The Girl with the Dragon Tattoo, by Stieg Larsson (2009, Vintage)

I tend to ignore literary fads like I ignore every other kind of fad. Not because it’s rational to do so but simply because it’s what one does. Surely I’m better than that book, I think. Except I’m usually not.

When it comes to literature, I’m pretty amateurish. For every Ada or Ardor I’ve read, I’ve read an American Gods and a Neuromancer. For every Demian, there’s a Perdido Street Station and The Black Company. To put it another way, I’m more a fan of genre fiction than of proper literature. I read both, but for different reasons. With non-fiction I’m all over the place with philosophy, history and politics. But when I read fiction, I read for entertainment first. This is the complete opposite of my film viewing habits. If I want to be edified by art, I’ll watch a Tarkovsky film. Reading Joyce doesn’t give me the same emotional experience as reading someone more speculative (and arguably less literary, although no less wordy) like Mieville, and neither give me anywhere near the experience of watching a Wong Kar-wai film. I’ve no idea why. It’s a slap in the face to how pretentious I think I am. I lose hipster points every time I pick up a book. My mind is filled to the rafters with pointless art film trivia precisely to combat the moment when someone brings up proper literature. So you’d think when a book like The Girl with the Dragon Tattoo is hailed left right and center as an entertaining thriller, I’d recognize it as right up my alley and spring for it. Except I didn’t, for the silly reasons mentioned above.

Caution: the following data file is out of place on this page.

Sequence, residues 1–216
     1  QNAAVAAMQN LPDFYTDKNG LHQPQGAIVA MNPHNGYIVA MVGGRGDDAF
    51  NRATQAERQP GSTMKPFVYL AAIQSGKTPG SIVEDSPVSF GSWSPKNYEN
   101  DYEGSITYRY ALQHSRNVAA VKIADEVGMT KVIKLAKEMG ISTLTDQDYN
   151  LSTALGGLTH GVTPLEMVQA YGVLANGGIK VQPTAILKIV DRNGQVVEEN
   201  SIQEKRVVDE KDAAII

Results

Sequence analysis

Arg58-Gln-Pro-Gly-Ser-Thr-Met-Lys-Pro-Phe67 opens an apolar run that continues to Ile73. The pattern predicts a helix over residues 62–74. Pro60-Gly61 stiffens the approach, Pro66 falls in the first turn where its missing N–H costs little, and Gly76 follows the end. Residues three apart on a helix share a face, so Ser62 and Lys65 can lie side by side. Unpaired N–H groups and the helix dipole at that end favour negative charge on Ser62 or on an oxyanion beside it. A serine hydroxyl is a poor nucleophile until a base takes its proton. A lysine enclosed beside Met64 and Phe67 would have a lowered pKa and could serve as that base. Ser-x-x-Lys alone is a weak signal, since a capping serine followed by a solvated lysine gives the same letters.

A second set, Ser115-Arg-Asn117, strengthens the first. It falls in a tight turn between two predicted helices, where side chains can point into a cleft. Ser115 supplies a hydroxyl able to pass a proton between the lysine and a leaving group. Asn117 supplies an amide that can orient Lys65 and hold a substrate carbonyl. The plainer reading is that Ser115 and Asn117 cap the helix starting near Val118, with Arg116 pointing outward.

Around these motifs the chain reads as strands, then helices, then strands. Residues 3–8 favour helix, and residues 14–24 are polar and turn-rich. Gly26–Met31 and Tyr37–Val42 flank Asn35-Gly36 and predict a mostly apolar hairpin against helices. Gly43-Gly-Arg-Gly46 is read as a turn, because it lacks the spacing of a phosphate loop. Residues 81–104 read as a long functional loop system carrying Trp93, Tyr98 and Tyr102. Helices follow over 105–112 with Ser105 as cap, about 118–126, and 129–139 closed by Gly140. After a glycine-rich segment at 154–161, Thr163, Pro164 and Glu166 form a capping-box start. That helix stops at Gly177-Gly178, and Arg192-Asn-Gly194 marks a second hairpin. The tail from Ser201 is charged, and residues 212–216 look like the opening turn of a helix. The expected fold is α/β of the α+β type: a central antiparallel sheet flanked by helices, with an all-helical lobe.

And that was my mistake. It took me far too long to discover Lisbeth Salander.